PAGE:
1) Talk about how you’ve done work with diverse teams.   If you’ve had the opportunity at any point in your career to be a part of teams that were made up of people of different ethnicities, you can make a mention in your resume of how you’ve done well in these situations. You may have worked with clients in different countries, managed remote employees in other parts of the world, or been part of geographically dispersed teams. You can think about what you’ve achieved or learned through these experiences, and mention it in your resume.

2) Talk about how you welcome diverse viewpoints and opinions. An ability to accept and respect the opinions of others is fundamental to diversity and inclusion. If you can talk about specific instances when you asked others around you at work for their feedback and opinions, and took the ideas you received into account to arrive at decisions, it can make for an impressive resume. It’s an important skill when it comes to helping with diversity in the workplace, to be able to take in the opinions of others who have backgrounds and experiences that are different from yours. If you can remember times in the past when different opinions informed your decisions, you should highlight an example or two in your resume.

3) If you’re multilingual, bring it up.  If you are good at another language, it’s a positive that should go on your resume. You should also include it in your resume if you were ever in charge of a project at work to make a product or service more accessible to a wider audience by making it available in multiple languages. You may have had to work with teams in other countries to negotiate a contract or start a new office. Putting in your experience working with people who come from different language backgrounds helps show how you are good with language diversity.  (Note from Stan – I have a client who recently was looking to hire an HR professional who was fluent in both English and Mandarin Chinese.)

4) Bring up any volunteering experience.  If you’ve ever contributed time volunteering at a local shelter or anywhere else, if you’ve done fundraising work for advocacy groups, if you’ve been part of a group that works to promote cultural diversity, it should go on your resume. It gives employers a look into what matters to you and who you are as a person. The information that you offer employers about your volunteer work may help them see how you care about diversity enough to make it part of your life outside of the office.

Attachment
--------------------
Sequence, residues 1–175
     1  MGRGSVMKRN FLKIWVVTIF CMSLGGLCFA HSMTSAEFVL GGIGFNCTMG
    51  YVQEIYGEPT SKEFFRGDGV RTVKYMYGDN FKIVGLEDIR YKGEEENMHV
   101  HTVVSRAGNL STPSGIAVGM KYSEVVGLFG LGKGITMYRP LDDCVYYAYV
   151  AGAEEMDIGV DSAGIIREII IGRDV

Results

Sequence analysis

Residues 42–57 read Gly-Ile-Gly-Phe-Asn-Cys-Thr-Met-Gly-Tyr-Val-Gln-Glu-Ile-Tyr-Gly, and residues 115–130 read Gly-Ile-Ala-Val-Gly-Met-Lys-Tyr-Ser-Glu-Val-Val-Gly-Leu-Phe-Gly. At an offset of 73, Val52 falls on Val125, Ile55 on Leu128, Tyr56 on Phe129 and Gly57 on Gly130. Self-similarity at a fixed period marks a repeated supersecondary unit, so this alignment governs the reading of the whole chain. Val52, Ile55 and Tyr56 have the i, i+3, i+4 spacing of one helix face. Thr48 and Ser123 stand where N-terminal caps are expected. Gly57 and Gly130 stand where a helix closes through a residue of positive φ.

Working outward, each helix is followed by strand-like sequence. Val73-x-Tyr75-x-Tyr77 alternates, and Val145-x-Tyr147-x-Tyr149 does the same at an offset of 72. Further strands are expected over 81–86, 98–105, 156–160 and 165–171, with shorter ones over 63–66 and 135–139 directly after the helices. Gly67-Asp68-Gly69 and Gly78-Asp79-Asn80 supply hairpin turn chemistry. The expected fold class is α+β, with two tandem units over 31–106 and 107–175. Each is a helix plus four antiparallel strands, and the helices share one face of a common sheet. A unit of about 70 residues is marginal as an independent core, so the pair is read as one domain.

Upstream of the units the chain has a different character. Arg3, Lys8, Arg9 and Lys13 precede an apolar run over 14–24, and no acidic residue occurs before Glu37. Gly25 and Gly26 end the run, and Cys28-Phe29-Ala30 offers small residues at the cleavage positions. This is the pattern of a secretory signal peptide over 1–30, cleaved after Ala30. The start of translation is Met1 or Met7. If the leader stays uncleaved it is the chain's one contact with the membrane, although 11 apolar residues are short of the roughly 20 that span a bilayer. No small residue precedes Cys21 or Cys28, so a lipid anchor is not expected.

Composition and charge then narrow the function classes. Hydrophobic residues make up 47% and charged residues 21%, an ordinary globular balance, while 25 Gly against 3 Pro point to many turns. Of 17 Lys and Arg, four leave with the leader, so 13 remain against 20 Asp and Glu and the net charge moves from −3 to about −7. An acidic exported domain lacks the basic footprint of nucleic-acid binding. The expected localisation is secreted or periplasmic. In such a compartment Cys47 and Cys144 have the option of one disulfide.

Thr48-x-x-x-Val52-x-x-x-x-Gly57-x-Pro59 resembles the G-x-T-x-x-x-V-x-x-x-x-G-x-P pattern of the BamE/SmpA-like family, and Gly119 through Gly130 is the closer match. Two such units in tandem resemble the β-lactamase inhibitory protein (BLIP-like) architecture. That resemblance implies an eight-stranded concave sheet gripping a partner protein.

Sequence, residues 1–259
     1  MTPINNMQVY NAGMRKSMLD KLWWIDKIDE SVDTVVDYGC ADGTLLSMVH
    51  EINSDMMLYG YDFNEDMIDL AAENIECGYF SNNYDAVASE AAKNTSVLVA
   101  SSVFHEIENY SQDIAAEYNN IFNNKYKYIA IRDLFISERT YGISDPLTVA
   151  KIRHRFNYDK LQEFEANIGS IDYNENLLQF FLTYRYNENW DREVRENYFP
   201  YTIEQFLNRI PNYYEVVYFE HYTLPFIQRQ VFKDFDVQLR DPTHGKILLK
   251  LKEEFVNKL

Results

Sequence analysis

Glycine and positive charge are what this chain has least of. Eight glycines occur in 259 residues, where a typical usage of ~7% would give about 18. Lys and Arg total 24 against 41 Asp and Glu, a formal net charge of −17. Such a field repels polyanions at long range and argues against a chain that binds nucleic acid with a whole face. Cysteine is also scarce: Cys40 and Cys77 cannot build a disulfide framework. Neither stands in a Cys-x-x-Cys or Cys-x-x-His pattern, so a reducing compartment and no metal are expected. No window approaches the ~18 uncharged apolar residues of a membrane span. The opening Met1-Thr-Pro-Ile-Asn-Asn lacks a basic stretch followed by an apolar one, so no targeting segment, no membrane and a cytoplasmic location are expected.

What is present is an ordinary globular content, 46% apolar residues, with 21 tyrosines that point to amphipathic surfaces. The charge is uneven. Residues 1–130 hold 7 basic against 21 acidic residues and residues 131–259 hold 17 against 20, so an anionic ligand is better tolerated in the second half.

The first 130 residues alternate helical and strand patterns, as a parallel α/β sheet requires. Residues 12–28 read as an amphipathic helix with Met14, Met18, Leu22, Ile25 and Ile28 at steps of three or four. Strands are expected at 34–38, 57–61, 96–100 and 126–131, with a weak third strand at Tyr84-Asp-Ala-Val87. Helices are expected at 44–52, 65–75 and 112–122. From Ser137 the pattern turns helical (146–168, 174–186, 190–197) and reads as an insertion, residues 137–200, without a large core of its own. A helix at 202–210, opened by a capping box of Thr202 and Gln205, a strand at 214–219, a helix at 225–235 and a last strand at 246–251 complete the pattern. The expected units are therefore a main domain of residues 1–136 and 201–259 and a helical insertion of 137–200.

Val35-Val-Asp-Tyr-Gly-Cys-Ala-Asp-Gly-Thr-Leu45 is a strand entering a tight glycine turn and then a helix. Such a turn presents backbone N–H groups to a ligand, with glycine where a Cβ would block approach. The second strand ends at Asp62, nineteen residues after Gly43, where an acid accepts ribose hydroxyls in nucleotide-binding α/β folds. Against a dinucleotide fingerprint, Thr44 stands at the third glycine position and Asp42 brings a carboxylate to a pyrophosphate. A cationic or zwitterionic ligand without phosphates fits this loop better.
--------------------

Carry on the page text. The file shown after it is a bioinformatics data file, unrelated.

5) Include experience being on company committees and community outreach programs. Many companies organize internal communities to serve the purposes of diversity and inclusion. If you’ve ever been a member of such a committee and done work in these areas, it would be a good idea to highlight how you were involved in these teams, and what you achieved. If you’ve never been involved in such a company committee, it would be a good idea to start now, and then put it on your resume.

The idea is to show potential employers reading your resume that you are part of the solution, and you work, in many ways, to help promote diversity and inclusion, both in the workplace and outside. Making such information available on your resume can help set you apart as a candidate.

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This guest blog was authored by Jill Smith, solely written for 

Stan Kimer is a diversity consultant and trainer who handles all areas of workplace diversity and with a deep expertise in LGBT diversity strategy and training, Unconscious Bias and Employee Resource Groups. Please explore the rest of my website and never hesitate to contact me to discuss diversity training for your organization, or pass my name onto your HR department.  [email protected]